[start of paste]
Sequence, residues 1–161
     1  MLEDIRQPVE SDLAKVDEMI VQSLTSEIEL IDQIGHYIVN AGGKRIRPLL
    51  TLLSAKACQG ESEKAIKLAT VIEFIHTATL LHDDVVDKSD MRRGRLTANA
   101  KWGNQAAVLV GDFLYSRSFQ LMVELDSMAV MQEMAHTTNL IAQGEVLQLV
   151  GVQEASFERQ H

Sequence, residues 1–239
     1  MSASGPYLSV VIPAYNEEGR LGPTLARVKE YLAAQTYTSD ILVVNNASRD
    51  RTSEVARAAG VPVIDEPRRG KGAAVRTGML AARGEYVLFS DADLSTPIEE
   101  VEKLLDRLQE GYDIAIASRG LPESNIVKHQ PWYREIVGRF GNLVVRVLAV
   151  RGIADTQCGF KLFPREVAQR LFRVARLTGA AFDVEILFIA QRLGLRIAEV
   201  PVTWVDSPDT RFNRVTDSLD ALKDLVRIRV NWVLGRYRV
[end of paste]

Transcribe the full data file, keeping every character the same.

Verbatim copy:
Sequence, residues 1–161
     1  MLEDIRQPVE SDLAKVDEMI VQSLTSEIEL IDQIGHYIVN AGGKRIRPLL
    51  TLLSAKACQG ESEKAIKLAT VIEFIHTATL LHDDVVDKSD MRRGRLTANA
   101  KWGNQAAVLV GDFLYSRSFQ LMVELDSMAV MQEMAHTTNL IAQGEVLQLV
   151  GVQEASFERQ H

Sequence, residues 1–239
     1  MSASGPYLSV VIPAYNEEGR LGPTLARVKE YLAAQTYTSD ILVVNNASRD
    51  RTSEVARAAG VPVIDEPRRG KGAAVRTGML AARGEYVLFS DADLSTPIEE
   101  VEKLLDRLQE GYDIAIASRG LPESNIVKHQ PWYREIVGRF GNLVVRVLAV
   151  RGIADTQCGF KLFPREVAQR LFRVARLTGA AFDVEILFIA QRLGLRIAEV
   201  PVTWVDSPDT RFNRVTDSLD ALKDLVRIRV NWVLGRYRV